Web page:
I just found out that I have some surprisingly valuable art hanging on the walls of my house. I am also in possession of a remarkably prized collection of rare, antique shoes. But more on those in a minute.
I live a modest lifestyle, but you should know that many of America's wealthiest people live fairly modest lifestyles as well. Investor Warren Buffett famously lives in a house in Omaha, NE, that he bought in 1958 for $31,500. Now it's worth a little over $1 million, but that's pocket change for someone worth more than $100 billion.
I paid much more than $31,000 for my house. So I must be even wealthier than Warren Buffett, right? The fact that I drive an eight-year-old Subaru shouldn't fool you into thinking that I can't make a substantial charitable donation. And so today I am making a major announcement.
I was inspired to make my pledge by the news last week that Jeff Bezos announced plans to give away most of his $124 billion fortune -- all except a few billion or so. So now, like Bezos, I am "establishing a framework to determine how to donate my wealth."
Warren Buffett has founded an organization called The Giving Pledge. This is a campaign to encourage wealthy people to contribute a majority of their money to philanthropic causes. Bill Gates has signed onto this pledge. So have Mark Zuckerberg, Elon Musk, Carl Icahn and others. If they follow through, they will each be left with less than $50 billion. And some of the lesser lights, who aren't even worth $10 billion, may have to scrape by with only $1 billion or so!
So I am now personally and publicly making the promise: like Jeff Bezos and the others, before I die I will donate every single cent that I own above the level of $1 billion.
|One of our priceless paintings|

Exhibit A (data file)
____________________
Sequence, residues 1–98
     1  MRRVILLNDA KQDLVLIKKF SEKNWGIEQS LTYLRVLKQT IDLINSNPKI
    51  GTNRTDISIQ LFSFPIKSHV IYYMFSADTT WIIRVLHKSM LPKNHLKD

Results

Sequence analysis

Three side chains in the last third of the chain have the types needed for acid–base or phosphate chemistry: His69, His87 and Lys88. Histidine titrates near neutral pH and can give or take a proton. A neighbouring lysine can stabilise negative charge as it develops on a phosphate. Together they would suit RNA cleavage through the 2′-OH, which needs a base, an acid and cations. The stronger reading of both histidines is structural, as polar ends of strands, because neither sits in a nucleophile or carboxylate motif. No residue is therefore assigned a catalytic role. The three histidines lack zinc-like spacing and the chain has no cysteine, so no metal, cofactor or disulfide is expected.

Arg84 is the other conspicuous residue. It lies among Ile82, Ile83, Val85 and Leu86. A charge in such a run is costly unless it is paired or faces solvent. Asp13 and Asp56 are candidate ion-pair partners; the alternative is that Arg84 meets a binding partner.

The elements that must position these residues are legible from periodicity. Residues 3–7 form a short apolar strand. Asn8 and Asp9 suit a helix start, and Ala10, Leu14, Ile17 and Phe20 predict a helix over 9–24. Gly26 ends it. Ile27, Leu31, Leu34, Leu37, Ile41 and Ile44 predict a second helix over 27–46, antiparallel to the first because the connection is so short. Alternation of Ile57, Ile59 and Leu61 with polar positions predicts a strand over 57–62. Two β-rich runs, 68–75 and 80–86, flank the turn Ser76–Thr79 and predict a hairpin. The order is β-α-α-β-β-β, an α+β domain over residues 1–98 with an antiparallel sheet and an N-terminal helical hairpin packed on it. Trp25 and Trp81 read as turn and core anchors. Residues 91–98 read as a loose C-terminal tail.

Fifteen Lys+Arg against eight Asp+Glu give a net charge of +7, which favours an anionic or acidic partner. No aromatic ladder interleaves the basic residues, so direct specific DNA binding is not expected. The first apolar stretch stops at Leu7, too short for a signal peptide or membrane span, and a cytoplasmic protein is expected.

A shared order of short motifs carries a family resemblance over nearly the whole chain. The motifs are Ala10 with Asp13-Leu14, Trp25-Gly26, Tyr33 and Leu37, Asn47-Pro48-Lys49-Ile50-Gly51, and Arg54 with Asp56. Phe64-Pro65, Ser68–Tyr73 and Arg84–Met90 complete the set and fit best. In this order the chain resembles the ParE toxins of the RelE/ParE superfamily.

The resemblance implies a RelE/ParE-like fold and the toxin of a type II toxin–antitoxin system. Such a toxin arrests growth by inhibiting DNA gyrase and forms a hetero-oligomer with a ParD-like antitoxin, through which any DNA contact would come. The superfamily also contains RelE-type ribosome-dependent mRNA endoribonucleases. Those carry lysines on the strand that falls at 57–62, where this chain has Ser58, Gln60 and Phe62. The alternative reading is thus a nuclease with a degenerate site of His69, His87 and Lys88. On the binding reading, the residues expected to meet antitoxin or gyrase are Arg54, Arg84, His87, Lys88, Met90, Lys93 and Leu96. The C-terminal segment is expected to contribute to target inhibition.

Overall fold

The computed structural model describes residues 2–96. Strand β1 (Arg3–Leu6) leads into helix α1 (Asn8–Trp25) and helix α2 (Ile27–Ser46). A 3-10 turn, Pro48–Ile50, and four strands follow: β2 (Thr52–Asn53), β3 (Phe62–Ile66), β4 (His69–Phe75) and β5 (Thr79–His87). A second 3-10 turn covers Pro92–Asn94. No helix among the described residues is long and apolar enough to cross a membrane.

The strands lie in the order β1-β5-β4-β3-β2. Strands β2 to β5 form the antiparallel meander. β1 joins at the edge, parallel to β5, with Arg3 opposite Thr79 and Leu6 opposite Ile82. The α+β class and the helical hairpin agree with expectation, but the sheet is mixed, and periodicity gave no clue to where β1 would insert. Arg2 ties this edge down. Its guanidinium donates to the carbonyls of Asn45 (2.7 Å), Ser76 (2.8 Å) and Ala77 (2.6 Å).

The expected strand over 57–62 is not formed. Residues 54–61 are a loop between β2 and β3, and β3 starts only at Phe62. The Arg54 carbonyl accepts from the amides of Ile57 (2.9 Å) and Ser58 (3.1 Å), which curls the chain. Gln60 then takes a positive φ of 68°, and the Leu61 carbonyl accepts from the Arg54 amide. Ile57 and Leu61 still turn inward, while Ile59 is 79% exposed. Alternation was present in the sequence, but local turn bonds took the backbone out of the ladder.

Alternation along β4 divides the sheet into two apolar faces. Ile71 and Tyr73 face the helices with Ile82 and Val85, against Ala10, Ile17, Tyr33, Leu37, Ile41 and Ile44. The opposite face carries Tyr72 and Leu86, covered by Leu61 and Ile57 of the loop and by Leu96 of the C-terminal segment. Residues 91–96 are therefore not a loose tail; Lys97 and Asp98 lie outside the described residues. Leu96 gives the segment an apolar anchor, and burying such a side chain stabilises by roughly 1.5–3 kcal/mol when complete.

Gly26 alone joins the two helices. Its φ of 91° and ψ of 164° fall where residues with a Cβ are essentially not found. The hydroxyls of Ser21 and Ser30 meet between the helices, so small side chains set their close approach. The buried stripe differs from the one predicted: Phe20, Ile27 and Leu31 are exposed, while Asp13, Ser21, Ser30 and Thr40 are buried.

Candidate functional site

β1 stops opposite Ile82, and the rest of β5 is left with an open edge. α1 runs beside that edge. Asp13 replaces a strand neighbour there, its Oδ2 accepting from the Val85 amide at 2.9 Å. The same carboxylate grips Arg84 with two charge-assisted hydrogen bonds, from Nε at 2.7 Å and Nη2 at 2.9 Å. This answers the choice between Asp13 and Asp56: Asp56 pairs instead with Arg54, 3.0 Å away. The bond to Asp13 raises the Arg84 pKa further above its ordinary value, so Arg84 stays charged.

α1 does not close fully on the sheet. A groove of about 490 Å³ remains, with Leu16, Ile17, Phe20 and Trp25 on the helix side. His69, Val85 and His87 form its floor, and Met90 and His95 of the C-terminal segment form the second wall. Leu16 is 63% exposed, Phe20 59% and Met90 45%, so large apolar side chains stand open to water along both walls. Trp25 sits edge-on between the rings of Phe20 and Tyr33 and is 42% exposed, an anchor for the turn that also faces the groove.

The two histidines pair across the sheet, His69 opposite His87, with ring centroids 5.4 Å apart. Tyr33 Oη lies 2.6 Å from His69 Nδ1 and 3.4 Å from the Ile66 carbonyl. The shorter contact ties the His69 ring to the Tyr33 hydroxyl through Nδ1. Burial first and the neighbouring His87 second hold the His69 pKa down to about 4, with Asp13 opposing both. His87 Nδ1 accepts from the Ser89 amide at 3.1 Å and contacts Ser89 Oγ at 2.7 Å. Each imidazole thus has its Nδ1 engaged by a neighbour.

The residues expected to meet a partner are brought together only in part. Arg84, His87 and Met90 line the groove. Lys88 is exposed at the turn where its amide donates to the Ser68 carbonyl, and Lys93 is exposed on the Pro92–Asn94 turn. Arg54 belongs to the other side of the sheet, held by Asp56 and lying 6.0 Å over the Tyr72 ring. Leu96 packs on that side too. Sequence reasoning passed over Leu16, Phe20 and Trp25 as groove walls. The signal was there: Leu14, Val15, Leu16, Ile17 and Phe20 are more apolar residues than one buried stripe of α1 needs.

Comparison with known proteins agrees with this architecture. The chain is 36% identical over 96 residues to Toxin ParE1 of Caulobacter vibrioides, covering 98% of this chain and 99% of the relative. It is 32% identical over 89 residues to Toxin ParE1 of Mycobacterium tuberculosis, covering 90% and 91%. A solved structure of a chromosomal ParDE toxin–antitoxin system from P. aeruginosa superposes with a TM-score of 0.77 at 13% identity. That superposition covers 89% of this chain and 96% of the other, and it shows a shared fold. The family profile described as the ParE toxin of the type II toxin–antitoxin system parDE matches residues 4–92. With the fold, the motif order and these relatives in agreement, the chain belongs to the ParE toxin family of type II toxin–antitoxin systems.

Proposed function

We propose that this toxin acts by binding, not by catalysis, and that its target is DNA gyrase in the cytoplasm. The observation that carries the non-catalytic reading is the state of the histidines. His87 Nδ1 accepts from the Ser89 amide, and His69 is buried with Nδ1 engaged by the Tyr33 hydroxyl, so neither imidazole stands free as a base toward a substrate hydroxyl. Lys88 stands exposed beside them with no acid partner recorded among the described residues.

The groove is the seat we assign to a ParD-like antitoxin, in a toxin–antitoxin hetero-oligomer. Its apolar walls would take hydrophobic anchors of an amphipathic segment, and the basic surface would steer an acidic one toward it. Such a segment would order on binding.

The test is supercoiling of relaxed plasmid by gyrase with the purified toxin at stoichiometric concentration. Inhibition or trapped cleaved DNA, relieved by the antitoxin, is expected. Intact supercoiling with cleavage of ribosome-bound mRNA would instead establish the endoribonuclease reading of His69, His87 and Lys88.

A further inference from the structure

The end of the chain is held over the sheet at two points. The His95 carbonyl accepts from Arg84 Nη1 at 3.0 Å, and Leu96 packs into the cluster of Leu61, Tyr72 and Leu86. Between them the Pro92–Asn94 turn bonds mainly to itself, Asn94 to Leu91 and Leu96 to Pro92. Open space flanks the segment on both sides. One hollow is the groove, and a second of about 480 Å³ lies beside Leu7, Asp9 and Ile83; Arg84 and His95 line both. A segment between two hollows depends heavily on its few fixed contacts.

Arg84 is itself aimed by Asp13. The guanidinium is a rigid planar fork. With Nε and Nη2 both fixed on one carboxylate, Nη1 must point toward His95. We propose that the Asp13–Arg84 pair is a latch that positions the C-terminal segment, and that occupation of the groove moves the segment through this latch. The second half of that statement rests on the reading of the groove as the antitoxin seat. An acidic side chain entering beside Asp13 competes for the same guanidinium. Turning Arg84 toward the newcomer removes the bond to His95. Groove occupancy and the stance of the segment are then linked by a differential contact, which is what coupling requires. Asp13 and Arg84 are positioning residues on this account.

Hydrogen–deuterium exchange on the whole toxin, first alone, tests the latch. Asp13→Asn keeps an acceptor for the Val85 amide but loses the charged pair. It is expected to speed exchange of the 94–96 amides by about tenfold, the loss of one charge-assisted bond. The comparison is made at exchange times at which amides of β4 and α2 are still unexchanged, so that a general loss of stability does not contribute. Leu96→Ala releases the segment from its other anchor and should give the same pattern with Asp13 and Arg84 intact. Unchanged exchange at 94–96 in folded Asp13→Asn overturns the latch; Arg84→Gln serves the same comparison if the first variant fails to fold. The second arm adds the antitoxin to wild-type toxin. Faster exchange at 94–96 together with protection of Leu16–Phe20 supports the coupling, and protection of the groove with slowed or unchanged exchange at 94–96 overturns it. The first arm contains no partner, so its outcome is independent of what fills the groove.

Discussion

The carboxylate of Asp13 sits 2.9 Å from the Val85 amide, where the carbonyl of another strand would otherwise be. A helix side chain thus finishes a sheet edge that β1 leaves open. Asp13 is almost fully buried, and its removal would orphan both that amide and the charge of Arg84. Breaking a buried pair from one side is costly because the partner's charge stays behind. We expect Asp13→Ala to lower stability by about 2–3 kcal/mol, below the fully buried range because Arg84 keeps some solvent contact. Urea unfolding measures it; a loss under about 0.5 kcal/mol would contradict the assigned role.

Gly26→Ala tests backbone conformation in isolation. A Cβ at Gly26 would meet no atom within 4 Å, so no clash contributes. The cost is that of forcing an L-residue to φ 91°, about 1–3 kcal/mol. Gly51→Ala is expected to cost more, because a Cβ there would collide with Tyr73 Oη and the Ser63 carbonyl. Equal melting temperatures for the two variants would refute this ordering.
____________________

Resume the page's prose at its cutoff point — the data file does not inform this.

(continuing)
Also, I can't bolster my personal Fort Knox by firing thousands of employees in the name of "rightsizing," the way Zuckerberg and Musk are doing. And unlike some billionaires, I actually do pay my taxes. Every month the government grabs 10% tax, as well as the charge for Medicare, even before my Social Security benefit lands in the bank account.
However, I do save a lot of money compared to Jeff Bezos and the others. For example, however Bezos avoids income tax, he does have to pay real-estate tax, property insurance and general upkeep on his 27,000-square-foot home in Washington, DC, as well as his 15-bedroom apartment in New York City and his $165 million mansion in L.A.
Meanwhile, I just pay for a Buffett-level home on a standard suburban street. Also, think how much I save by not own my own private jet. And just this past summer I saved $28 million by not buying a ticket for a 15-minute Bezos Blue Origin trip into space.
Already I'm saving $100 million, making me $100 million richer than I otherwise would be.
Also, I did inherit a substantial amount of money. When I was a kid my Aunt Alice gave me $2 for my birthday . . . every year! The dollars were slipped into an envelope, and when I saw George Washington's face peering out at me through the little hole, I felt like a million dollars . . . back when a million dollars meant something. If I had only held onto that money and invested it in Amazon stock when it went public in 1997, or Apple when it . . . no, no, we won't go there.
|At $218,000 per pair they add up|
Maybe that doesn't sound like much. But, for me, it takes a bite out of my account. And there's more to come, since it's just the start of the giving season. Meanwhile, I wonder what causes you support.
But back to that art. Just last week a Cezanne was auctioned for $138 million. A Seurat went for $149 million. Look at that painting. I've got lots just like it. Just think how much I'll get for my collection!
Also last week, one pair of Steve Jobs' Birkenstock sandals sold for $218,000. Well, B has a closet full of old shoes . . . not to mention the boots and sneakers in the back of the garage. What'd'ya think we'll get for them? The Giving Pledge . . . get ready. It's all going to charity. Thank you very much!